202 F.Supp. 3d 31 (D.D.C. 2016)
The tobacco industry challenged an FDA guidance document that changed the way that the agency administers the premarket review process.
On March 4, 2015, the FDA issued a guidance document making changes to one part of the premarket review process. For more information on this action and the implications for public health, see FDA Policy Puts Industry Interests Before Public Health. After some wrangling with major tobacco companies over the legality of the guidance, on September 8, 2015, the FDA reissued its guidance document without changing any of the underlying policies and on September 30, 2015, the industry filed a lawsuit, claiming that the proposed approach to labeling changes infringes on tobacco companies’ First Amendment Rights and that the guidance misinterpreted the Tobacco Control Act. In addition to refuting the merits of the industry’s claim, the FDA has also argued that the tobacco industry’s claims were not yet ripe for review because the industry has yet to suffer any harm based on its allegations.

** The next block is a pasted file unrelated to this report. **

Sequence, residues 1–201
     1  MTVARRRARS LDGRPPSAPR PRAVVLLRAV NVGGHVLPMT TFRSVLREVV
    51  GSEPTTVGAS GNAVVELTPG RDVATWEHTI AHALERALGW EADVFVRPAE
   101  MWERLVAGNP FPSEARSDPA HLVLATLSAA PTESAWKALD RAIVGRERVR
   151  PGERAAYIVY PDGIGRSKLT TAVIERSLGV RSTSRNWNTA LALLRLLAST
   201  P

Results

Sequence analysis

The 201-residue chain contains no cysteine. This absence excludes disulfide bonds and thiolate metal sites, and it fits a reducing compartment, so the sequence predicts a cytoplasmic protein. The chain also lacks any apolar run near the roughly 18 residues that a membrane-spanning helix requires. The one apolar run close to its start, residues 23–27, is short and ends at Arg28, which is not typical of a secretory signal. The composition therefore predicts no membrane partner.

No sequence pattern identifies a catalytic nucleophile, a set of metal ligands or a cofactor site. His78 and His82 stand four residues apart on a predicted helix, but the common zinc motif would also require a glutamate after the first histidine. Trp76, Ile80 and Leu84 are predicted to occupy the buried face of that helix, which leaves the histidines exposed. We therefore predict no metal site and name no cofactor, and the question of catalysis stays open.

On August 16, 2016, a district court judge found that the portion of the FDA’s guidance related to labeling changes exceeded its statutory authority by misinterpreting the Tobacco Control Act. The judge ordered the FDA to revise its guidance accordingly. The FDA’s revised guidance on this issue now indicates that “manufacturers need not receive premarket authorization for existing products that are subject to a label change only.” The FDA did not appeal this decision.